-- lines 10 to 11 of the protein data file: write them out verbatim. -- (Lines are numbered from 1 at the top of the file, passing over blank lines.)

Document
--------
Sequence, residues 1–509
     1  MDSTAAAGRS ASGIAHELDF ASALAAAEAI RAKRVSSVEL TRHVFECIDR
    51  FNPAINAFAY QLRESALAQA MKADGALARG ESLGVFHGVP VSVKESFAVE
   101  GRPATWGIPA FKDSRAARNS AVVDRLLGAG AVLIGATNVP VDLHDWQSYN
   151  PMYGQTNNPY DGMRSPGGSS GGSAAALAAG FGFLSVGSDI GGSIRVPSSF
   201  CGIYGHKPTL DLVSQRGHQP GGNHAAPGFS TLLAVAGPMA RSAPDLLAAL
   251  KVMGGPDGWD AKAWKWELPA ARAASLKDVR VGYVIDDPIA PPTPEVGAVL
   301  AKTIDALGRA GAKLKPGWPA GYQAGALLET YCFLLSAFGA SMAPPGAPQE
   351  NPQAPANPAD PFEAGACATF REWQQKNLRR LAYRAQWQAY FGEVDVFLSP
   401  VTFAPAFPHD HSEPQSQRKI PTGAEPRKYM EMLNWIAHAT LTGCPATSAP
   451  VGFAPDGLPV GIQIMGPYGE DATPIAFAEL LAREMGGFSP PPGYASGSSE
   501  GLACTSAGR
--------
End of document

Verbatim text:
   401  VTFAPAFPHD HSEPQSQRKI PTGAEPRKYM EMLNWIAHAT LTGCPATSAP
   451  VGFAPDGLPV GIQIMGPYGE DATPIAFAEL LAREMGGFSP PPGYASGSSE